Disciplining Five Boys

Posted by  | Monday, September 21, 2009  at 12:00 AM  
This week we are discussing discipline. I wanted to start off the week with a post by a guest author who is an amazing, godly mother to five BOYS (with another boy on the way in just a couple weeks!). She lives overseas and her children are well-behaved, well-adjusted, and a joy to be around. Here is what she had to say. . .

"When we have kids, we'll NEVER do...." These were the conversations we had early in our marriage, before we had any kids. It's not that we thought we had all the right answers, we just observed our friends and family and tried to learn. We'd come home from an evening with friends and talk about our friends' parenting style and their children, especially if the kids were unruly or just plain bad!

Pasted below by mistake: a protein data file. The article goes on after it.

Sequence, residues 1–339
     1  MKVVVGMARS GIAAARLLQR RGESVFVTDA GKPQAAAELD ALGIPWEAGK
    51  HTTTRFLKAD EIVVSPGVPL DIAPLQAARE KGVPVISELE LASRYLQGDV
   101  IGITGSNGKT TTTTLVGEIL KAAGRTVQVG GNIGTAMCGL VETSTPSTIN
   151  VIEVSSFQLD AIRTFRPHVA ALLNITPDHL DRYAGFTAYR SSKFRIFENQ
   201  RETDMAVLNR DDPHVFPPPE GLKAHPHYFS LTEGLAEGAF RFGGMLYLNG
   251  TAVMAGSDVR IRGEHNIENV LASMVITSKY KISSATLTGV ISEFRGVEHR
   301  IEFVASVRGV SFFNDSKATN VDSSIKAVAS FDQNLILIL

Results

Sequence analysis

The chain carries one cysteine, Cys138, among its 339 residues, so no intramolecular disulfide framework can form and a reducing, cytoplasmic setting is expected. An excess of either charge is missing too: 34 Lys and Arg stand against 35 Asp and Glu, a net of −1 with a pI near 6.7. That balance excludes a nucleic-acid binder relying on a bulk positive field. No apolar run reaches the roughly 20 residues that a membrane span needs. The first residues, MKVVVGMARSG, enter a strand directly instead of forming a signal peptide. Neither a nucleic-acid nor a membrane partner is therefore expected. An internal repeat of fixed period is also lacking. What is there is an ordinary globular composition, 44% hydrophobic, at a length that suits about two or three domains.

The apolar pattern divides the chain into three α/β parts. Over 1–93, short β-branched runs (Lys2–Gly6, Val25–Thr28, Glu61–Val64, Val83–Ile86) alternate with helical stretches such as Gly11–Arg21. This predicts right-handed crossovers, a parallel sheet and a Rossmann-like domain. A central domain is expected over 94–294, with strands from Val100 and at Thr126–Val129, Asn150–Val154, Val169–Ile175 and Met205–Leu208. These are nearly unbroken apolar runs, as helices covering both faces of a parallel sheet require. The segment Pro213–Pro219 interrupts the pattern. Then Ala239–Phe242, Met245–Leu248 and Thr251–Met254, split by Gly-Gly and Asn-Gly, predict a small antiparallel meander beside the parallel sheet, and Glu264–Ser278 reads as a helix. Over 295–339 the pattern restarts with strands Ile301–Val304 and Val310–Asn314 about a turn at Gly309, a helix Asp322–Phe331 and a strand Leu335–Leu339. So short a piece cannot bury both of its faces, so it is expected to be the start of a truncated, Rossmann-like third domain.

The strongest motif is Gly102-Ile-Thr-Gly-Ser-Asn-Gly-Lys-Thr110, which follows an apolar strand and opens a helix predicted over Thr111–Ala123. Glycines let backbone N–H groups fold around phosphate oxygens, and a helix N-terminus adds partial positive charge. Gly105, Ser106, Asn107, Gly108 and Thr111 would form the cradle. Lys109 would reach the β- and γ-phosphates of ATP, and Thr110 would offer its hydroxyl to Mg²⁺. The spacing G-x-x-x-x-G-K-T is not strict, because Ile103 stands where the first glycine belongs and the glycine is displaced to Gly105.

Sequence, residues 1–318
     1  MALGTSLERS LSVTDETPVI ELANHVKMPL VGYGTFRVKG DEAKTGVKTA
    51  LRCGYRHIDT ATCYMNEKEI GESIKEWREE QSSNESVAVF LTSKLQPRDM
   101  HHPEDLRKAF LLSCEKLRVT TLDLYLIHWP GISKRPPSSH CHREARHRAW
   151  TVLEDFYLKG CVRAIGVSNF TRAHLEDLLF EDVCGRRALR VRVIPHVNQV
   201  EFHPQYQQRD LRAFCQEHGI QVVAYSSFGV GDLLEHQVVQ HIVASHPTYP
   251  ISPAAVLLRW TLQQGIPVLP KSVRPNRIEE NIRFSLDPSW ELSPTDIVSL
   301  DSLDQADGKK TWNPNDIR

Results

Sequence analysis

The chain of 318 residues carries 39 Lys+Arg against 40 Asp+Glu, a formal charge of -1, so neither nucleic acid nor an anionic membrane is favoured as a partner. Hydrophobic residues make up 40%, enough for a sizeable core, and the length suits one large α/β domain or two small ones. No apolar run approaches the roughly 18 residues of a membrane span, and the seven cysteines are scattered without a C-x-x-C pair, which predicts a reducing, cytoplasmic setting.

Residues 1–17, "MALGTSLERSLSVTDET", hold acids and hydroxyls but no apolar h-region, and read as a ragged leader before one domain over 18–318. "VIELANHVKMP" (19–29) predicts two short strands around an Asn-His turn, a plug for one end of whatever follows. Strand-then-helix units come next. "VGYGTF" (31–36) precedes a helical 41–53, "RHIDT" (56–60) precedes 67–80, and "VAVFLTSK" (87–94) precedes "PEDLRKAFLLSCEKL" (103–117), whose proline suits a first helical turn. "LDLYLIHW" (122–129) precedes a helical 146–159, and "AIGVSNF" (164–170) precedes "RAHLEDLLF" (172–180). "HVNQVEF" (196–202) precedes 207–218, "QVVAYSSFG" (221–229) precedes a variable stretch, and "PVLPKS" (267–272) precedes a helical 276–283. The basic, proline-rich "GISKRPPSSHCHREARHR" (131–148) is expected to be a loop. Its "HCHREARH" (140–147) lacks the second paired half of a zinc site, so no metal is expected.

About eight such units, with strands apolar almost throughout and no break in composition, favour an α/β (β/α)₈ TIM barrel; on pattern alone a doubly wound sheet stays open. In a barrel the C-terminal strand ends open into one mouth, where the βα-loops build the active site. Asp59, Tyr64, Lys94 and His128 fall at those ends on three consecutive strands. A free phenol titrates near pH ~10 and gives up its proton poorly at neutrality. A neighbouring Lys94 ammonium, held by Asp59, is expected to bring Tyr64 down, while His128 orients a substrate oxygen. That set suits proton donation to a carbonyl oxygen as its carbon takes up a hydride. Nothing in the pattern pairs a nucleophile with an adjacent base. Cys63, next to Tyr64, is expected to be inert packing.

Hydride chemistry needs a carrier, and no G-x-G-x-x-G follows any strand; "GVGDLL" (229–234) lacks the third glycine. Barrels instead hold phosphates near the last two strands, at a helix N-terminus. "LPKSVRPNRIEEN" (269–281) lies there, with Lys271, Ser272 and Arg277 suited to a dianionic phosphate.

We realized there were some people's kids we actually enjoyed being around and others' whose kids kind of stressed us out or ruined the evening because of their horrible behavior. Their parents were often embarrassed or sometimes indifferent! "Kids are kids! What can you do?" We soon started taking mental notes about which kids were well behaved and what their parents did to achieve that goal. We started asking questions: What books do you recommend? How do you get your kids to do such and such? What do you do when xyz happens?

Our philosophy of parenting started to take shape well before our first baby was on the way.

We enjoy our children, but do others?